Rain falls like broken pieces of a long silver thread. Reminds me of the silk you wove around your fingers, wounded your hands in until your knuckles were dressed in cages. Cages made of little malleable rings that can be broken with whispers. This rain sits like a clue on my window when I wake up in the morning and brush the curtains aside, like words from a language I cannot speak but love the sound of, like your German. It sounds like the music from an old English fairytale, the kind you would read to a young girl before she went to bed if you lived in the 1300s. This rain is from another time, a ghost that came knocking last night. It is gone now, but has left traces, like footprints lingering in snow, in its passing. When I wake up, I first see its specks of silver on the glass, and then, the ground outside, untouched. The sky has ruffled its grey coat, worn it inside-out, no threads waver from its confettied stitches. But now the memory of rain saddens me deeply, for I have missed the morning’s song, a beautiful bedtime story, all your words rolled beautifully into one, morgen, liebe, plötzlich.
I remember those places I visited as a child through words I do not know. I miss my first home in the flowers that I never learnt to name. Those white petals that had bright orange stems, resembled jasmines, were strewn about the road. I know the way they smelt, and I know how they left wet patches on the soil when crushed by our car tires leaving.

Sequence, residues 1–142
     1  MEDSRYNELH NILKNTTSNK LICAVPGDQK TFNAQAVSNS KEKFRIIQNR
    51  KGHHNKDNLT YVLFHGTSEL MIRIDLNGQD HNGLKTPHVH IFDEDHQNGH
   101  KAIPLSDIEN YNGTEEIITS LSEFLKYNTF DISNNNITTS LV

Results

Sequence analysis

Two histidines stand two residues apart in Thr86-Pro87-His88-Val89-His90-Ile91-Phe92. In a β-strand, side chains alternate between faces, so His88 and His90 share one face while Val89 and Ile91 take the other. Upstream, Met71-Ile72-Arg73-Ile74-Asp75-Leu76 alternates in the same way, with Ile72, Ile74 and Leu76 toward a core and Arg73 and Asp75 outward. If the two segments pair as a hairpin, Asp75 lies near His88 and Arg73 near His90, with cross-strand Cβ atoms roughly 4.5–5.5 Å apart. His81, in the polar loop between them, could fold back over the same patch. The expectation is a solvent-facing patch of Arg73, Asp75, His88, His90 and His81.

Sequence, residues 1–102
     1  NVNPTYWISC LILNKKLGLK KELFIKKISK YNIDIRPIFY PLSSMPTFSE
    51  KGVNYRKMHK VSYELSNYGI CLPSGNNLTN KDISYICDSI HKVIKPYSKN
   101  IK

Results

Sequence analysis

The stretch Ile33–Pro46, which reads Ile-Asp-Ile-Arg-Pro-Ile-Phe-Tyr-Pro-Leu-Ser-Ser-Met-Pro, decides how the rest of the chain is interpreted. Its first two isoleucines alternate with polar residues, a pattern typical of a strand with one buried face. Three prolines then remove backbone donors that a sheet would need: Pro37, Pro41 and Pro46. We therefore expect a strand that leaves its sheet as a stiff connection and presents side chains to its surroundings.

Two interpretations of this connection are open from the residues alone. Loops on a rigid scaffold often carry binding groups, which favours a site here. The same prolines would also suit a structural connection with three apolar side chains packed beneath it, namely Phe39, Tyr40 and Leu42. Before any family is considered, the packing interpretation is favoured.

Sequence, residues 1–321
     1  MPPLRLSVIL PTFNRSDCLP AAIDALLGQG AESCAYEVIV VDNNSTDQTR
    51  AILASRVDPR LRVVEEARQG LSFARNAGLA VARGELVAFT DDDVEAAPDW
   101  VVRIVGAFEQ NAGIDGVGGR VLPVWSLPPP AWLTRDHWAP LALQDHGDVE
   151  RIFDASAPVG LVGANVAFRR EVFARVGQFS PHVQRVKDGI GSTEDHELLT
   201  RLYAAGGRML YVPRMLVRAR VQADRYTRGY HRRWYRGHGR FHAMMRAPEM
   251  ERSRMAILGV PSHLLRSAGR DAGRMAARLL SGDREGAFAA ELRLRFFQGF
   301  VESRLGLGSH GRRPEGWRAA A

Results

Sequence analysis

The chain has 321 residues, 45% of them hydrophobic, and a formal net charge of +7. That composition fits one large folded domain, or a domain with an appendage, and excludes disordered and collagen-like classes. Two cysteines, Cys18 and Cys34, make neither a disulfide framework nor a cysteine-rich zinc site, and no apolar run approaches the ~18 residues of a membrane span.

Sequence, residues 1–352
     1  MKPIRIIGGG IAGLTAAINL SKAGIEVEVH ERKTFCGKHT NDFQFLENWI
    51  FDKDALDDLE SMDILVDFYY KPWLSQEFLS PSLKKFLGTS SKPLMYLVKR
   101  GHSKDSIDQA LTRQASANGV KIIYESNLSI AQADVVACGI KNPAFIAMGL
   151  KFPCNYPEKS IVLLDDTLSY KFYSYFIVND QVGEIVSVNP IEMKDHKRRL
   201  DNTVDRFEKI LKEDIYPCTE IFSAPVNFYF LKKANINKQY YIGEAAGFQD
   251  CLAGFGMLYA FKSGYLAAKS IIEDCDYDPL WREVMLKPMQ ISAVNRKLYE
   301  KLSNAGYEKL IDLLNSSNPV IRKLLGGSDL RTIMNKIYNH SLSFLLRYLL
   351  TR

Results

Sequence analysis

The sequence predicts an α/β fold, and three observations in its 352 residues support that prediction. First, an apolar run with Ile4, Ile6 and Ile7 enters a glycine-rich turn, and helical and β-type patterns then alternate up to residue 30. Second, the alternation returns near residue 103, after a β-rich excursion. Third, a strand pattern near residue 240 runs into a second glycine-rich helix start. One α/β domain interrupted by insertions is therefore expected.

Can we please talk about
the slow stillness of time, the quiet of the sound of my breathing. When I pick and unpick the broken glass, sweep aside shards that remain of nesting dolls, fit with patient fingers, torn photos in old frames, and wipe then the water from the fallen vase, lilies trampled upon, eaten by the soles of my boots
The mantelpiece is now a sporadic star lying shattered by my feet.
What of the humbling of my anger, who like a tired child has fallen asleep in a corner of the street after a fruitless riot, the snowflake that had balleted in grace, toes bleeding through silk shoes, that rests now on the warm ground? Let us write with beauty of inconsistencies, when I remade my home after knocking it down with one swift brush, romanticise my anger as you do my love.
I come back from work, worn out and spent. Each night, I wake up mid-sleep, as if I had never gone to bed.
I walk to the kitchen and start pulling out cans and jars. My eyes don’t even have to see where my hands are going anymore, I remember what bottle lies on which stack just as I know the alphabet.
I follow your recipe to the dot.
The same amount of flour, a cup full of sugar, little chips of chocolate hidden amidst the dough like gems in sand.
But I could never bake them like you did. So by the time I finish, the house starts to feel very empty again, without you and your sweet-smelling cookie dough.